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Spain questions – Ask me about anything Spanish

Spain questions – Ask me about anything Spanish

Spain questions

Do you have any Spain questions for me?

Often you write to ask me questions about Spain covering everything and anything under the Spanish Sun.

Some come via email or in the comments on my blog. Or even on Instagram, Twitter or Facebook.

To make it a little easier I´m opening up this blog post specifically for your questions.

Some of the more popular questions I have already answered in previous blog posts:

Learning Spanish and Flamenco

Classes at Carmen de las Cuevas

So maybe you want to know:

  • Where to buy a specific item or product in Spain?
  • When one of the festivals is on?
  • Something about Spanish food or a recipe?
  • Something related to a book you have read
  • Maybe there is some bugging you about learning Spanish.
  • How to find a job in Spain?
  • How to deal with the hot summer days in Andalusia?
  • Getting Spanish guitar classes in Spain?

Whatever it is put your Spain questions in the comments below and I will answer you as soon as I can.

Also remember that there are lots of online resources out there too.

Facebook groups and Expat community sites with like minded people

Learning Spanish and music

Classes at Carmen de las Cuevas

  1. Anders Berry says:

    Hello. I can’t seem to get a sense of the real characteristics and color of the five or six major neighbors in Granada. For example, Albaicin. I understand it’s picturesque and hilly and a World Heritage site. But is it noisy, quiet, upscale, downscale, more or less expensive, inhabited by young singles, families, older people, or al! of these? Which are the fancy and less fancy neighborhoods? Which places would you consider living? Thanks for any insight at all on any of these topics, or anything else they bring to mind.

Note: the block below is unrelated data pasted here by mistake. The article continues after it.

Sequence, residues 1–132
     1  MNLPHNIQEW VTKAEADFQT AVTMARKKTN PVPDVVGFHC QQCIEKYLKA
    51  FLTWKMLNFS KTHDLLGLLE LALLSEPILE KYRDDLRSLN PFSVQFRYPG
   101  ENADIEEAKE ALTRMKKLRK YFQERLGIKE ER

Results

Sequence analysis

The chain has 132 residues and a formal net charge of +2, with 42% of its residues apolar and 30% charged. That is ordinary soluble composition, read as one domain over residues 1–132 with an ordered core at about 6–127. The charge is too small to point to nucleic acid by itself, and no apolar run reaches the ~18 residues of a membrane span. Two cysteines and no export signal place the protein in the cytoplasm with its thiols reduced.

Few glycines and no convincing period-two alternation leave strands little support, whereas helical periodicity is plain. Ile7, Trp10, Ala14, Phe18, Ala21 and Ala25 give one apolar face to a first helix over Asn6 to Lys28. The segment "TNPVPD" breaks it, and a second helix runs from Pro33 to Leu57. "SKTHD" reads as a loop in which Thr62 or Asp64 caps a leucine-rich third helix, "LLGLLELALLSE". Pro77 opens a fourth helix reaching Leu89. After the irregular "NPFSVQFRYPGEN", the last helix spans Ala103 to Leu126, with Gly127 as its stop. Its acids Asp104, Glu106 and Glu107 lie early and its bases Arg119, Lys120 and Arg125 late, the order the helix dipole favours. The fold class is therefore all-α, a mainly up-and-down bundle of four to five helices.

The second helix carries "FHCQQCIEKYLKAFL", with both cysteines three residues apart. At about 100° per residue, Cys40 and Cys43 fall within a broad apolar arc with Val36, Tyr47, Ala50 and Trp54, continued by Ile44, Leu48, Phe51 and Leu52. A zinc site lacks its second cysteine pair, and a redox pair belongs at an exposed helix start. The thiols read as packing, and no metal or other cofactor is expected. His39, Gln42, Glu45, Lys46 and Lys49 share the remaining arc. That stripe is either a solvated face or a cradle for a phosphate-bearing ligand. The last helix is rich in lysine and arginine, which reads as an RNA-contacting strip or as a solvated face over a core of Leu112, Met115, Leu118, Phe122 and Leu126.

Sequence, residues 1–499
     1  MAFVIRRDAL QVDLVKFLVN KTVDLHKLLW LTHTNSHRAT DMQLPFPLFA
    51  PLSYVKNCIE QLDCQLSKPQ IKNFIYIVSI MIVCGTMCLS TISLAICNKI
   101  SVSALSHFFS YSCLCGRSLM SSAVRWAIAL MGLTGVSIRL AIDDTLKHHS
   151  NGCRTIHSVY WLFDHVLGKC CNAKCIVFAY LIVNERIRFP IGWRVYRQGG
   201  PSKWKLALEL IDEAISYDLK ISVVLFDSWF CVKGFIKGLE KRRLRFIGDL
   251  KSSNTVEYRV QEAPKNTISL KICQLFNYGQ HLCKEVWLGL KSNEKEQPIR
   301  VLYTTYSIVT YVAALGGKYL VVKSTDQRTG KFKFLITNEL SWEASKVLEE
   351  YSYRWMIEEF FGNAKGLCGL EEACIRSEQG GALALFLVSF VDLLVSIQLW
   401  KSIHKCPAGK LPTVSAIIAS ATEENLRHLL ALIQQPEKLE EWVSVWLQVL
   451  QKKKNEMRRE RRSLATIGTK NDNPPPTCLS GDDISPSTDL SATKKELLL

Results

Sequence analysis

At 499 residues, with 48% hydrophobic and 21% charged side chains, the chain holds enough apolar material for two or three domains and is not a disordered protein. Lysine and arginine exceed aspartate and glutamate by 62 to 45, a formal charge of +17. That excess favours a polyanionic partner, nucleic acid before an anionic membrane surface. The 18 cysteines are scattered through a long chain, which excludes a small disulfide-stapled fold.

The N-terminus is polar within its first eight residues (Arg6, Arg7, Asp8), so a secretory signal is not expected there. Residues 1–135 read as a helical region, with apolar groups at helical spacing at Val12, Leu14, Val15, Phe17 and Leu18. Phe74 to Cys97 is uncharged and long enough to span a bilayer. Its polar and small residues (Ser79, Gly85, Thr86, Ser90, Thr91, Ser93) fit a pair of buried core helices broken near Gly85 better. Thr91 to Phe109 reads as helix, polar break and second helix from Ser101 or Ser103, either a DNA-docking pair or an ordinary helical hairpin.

2. peter fray says:

    Good morning
    We live in the UK. I have had a bank account in Spain since purchasing an apartment in 2016.This was sold last December after deciding against moving to Spain. I cannot close the account until the end of the year as we still have to pay a final year of non-resident tax. I also do not know if my utility bills were cancelled / transferred on completion of the sale, as I cannot see my debits/ credits and received no formal notification from the companies.
    ……………………………….. Can you help?

  3. Tatiana Nizhegorodtseva says:

    Hello Molly, we are staying in Torremolinos in July for two weeks and we are planning to visit Seville, Cadiz, Cordoba, Ronda, Olvera, Caminito del Rey and Malaga. Would you recommend us some other little villages at about 50 km around Torremolinos? We would like to see something more simple and less touristic.
    Thank you very much in advance. We would really appreciate your help.

  4. Linda Beckemeyer says:

    If you are retired (with pensions and generous retirement savings and not having a job how long can you live there past the 90 day rule?

    I was impressed with Granada when I was there.

  5. Mark says:

    Hi Molly, we are coming over to granada at Easter with 6 friends for my 50th, where can i find more information about semana santa in English about the parades etc.


  6. Lara says:

    Hello Molly, my family are considering moving to Granada. We have a toddler, two cats and a dog. I was wondering if you would recommend a neighbourhood of Granada where we could find countryside for cats used to the countryside but also a reasonable place close to a nursery and a social life for everyone.

    • Molly says:


      The main thing is trying to fit the new location with your lifestyle. (do you work, do you drive? Speak Spanish?)
      I will respond as best I can

      I would strongly suggest looking to stay in Granada itself rather than choosing somewhere outside of the city.
      However if you insist on being in a location outside the city you will need a car.